Thursday, October 08, 2009

Four words: Public Sector Integrity Commissioner

Who might yet get a letter from some public servant given what we're reading tonight:
A partisan government advertising campaign paid for by taxpayers raised alarms from the outset among senior public servants who serve Prime Minister Stephen Harper, The Canadian Press has learned.

The Privy Council Office, the non-partisan bureaucratic arm of the Prime Minister's Office, has never been comfortable administering the website for the Economic Action Plan -- and informed Harper of its misgivings at the time of last January's federal budget.

Those misgivings were heard, but overruled.

While the story is being denied by both PCO and PMO, the extraordinary claim originates from several sources within the famously discreet Privy Council Office.

The fact the story is being aired at all -- even under the cloak of anonymity -- suggests just how far the Conservatives are stretching the traditional boundaries of partisan behaviour in Canada's professional bureaucracy.
The quotes from people who are refusing to be named out of "fear of reprisals" are extraordinary:
In interviews with past and present government insiders, The Canadian Press was told the Tories are trampling the admittedly grey area between partisanship and policy.

More than one career bureaucrat said they've never seen anything so blatant as the current use of the office for self-promotion.

None would speak on the record, some for fear of reprisals, but many said it is a story that needs to be told.

"You have a political party that is not constrained by what conventionally would be perceived as overtly partisan actions," said one former insider.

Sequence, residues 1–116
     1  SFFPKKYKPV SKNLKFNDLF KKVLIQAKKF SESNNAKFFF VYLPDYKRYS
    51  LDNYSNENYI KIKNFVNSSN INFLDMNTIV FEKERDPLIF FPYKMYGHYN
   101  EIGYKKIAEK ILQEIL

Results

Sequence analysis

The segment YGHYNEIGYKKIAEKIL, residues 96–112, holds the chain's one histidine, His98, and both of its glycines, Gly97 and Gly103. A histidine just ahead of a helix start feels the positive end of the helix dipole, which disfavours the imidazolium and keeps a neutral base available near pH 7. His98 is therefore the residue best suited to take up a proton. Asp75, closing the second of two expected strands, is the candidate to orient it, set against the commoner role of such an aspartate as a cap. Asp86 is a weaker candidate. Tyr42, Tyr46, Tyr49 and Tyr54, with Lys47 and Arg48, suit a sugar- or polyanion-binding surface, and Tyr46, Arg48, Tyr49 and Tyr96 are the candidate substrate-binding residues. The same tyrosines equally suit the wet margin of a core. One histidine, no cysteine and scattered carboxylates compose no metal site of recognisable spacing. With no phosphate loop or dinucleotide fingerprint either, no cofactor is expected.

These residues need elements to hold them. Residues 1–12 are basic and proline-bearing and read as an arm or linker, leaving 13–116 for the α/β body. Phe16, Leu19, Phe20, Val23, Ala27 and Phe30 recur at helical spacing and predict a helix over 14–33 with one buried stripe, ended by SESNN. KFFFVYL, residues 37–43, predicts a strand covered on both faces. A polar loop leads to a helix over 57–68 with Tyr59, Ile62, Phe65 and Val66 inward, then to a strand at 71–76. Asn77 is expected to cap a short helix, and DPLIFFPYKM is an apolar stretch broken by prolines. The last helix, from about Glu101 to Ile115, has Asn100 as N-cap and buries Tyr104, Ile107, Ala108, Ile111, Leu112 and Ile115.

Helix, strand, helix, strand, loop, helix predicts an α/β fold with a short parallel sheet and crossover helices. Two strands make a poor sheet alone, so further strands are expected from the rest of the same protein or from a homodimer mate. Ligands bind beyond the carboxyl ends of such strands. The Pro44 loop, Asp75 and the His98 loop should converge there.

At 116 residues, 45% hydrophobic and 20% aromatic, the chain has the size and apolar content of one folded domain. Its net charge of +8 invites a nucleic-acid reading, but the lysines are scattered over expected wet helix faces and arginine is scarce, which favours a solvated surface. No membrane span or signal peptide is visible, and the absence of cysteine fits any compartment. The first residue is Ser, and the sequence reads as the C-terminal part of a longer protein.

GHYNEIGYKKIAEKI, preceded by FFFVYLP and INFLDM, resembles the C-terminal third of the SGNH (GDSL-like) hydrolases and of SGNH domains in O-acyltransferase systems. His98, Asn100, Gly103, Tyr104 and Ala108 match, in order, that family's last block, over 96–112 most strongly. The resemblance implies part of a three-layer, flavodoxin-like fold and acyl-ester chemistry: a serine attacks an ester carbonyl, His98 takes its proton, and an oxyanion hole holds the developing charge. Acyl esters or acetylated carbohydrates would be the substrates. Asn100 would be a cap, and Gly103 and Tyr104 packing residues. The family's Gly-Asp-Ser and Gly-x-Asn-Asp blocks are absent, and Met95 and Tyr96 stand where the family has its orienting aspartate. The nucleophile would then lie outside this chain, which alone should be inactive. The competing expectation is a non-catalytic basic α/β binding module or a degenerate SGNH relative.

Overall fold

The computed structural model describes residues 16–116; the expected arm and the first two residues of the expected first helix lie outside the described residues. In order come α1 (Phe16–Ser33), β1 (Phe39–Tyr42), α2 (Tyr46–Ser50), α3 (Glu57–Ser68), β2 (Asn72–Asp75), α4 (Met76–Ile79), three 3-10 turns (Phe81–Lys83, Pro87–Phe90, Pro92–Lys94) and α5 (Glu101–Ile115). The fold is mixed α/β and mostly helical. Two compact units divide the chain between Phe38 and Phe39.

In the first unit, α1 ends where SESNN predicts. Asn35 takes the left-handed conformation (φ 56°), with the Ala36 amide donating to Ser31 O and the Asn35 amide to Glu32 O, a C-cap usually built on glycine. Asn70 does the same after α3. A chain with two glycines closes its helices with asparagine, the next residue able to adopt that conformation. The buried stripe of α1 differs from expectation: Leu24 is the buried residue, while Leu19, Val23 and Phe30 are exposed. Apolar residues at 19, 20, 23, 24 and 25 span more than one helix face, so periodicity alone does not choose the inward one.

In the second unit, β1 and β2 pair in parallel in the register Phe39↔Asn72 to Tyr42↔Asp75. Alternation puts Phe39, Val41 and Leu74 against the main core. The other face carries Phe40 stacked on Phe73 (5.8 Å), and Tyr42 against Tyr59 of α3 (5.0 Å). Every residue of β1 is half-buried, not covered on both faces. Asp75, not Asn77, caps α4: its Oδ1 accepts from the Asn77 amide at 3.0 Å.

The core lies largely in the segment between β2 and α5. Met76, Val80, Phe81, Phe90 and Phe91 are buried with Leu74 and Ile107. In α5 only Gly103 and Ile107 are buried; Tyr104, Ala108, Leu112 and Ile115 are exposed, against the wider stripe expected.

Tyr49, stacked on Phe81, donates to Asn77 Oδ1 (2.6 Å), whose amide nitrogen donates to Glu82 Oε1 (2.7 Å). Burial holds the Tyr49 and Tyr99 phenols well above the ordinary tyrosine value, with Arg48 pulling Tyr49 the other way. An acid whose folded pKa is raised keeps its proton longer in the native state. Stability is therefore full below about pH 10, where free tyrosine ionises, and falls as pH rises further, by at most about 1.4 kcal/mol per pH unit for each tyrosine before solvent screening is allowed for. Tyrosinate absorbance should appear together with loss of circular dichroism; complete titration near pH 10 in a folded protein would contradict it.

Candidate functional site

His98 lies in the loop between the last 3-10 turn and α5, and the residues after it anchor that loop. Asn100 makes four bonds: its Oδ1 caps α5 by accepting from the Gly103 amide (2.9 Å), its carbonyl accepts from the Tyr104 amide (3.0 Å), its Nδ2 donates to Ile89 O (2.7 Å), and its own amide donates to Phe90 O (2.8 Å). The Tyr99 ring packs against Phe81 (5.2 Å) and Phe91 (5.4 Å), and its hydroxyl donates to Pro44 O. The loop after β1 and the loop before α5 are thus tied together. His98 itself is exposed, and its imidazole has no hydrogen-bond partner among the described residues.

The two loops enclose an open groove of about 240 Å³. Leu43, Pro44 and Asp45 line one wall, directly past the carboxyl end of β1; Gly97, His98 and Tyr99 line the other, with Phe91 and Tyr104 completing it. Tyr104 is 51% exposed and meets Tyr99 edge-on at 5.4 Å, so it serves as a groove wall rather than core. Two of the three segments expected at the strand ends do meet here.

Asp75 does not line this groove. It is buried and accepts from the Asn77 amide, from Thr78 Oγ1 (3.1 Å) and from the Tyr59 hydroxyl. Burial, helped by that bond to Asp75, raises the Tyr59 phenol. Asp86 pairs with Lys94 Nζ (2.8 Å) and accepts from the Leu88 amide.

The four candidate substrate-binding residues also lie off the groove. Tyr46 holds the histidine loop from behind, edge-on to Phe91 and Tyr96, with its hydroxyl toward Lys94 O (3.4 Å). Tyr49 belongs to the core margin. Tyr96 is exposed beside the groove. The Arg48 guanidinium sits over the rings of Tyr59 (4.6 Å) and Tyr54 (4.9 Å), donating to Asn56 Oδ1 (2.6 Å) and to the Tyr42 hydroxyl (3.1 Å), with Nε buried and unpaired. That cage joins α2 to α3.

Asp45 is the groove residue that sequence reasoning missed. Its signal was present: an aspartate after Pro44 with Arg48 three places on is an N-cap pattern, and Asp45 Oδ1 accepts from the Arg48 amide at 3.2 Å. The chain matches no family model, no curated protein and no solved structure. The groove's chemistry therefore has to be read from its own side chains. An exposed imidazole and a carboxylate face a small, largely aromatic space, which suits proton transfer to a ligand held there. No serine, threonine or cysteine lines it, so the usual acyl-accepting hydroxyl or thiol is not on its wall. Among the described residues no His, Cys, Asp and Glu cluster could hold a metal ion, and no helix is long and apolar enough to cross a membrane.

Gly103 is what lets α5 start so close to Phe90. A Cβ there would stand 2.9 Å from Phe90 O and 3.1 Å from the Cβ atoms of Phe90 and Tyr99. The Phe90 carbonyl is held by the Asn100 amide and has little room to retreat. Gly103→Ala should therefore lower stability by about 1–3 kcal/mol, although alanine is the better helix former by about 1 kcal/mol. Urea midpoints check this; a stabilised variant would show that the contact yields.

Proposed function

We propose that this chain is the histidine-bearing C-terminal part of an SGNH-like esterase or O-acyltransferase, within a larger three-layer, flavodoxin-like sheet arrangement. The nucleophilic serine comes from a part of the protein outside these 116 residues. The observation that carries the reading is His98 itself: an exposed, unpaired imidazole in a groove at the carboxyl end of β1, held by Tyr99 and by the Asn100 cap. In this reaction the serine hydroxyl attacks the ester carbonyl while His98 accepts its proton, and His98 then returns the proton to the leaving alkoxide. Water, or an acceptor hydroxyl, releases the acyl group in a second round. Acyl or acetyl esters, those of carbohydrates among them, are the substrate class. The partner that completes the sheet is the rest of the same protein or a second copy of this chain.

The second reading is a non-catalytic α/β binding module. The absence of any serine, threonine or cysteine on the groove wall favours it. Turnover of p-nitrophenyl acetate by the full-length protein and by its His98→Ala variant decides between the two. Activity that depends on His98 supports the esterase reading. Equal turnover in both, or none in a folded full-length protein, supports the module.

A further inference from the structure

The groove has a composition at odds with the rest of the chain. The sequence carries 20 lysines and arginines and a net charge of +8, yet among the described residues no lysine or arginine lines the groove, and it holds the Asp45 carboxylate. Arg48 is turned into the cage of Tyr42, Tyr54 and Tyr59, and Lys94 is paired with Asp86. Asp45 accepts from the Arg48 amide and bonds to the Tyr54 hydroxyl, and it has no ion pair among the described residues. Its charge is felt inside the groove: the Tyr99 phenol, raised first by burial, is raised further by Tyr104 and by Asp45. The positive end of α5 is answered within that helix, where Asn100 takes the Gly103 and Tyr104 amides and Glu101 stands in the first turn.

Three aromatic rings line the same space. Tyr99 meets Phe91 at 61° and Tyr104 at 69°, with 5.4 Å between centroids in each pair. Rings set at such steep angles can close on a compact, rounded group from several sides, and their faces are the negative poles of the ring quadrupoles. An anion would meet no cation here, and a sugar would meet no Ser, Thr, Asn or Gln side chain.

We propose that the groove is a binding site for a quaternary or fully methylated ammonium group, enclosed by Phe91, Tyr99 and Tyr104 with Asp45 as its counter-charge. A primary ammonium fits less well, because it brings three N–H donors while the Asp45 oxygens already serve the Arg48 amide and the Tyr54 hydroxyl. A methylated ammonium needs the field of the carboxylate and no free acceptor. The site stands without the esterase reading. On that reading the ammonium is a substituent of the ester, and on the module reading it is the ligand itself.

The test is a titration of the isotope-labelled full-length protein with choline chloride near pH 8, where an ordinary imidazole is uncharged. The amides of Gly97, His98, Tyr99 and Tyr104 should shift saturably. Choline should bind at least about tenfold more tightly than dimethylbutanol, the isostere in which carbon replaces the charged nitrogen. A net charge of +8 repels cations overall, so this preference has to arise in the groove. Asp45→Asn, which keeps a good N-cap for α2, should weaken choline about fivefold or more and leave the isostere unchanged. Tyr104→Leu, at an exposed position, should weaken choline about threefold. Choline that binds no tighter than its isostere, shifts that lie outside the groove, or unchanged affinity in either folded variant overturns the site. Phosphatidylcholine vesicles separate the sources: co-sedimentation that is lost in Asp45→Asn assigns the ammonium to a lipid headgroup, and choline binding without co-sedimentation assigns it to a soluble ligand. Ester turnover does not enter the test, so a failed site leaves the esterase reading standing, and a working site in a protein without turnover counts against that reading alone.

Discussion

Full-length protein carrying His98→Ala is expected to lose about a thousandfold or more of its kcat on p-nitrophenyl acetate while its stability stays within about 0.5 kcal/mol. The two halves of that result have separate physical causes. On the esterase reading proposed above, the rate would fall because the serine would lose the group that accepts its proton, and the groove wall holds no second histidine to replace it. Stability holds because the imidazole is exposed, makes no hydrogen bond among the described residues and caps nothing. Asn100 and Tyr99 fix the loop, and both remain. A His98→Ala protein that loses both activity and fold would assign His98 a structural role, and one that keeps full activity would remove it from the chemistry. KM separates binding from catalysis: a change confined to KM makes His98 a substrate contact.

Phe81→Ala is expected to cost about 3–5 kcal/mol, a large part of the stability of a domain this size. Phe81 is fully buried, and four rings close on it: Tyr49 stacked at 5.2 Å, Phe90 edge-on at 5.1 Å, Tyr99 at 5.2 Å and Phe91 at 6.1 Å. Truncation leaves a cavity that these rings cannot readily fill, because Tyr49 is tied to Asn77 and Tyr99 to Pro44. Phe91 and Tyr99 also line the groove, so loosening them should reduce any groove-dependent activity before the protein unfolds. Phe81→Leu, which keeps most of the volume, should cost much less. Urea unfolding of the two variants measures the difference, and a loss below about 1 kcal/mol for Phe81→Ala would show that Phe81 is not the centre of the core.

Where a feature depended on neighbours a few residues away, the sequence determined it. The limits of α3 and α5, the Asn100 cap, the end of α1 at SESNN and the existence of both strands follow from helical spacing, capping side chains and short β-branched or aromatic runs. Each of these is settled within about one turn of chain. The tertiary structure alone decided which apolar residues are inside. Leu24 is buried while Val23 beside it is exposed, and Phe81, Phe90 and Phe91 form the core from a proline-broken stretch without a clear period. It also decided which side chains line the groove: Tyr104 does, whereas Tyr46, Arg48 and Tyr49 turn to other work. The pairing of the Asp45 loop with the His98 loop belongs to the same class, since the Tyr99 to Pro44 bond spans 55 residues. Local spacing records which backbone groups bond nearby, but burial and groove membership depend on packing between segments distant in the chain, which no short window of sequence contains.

"I can tell you every funding program across the government is being politicized," said another public servant.

"They do it for their own needs and they don't do it to help people. Welcome to Stephen Harper's world."
This onslaught is pushing the limits and apparently the public servants know it. Now perhaps one of them would take the steps required to report it to the Public Sector Integrity Commissioner, whose mandate you can find, here.
Disclosure of wrongdoing in the public sector is a courageous and commendable act of service.

The Office of the Public Sector Integrity Commissioner is here to provide an external review of disclosures in a timely, equitable and confidential manner. We're also here to ensure public sector employees who make good-faith disclosures are protected from job reprisal.
Excellent reporting from CP. The supposedly non-partisan PCO (see blog post earlier today) and its evolution under this Prime Minister's tenure is an underreported story worthy of attention.

(h/t to FarAndWide for CTV link above)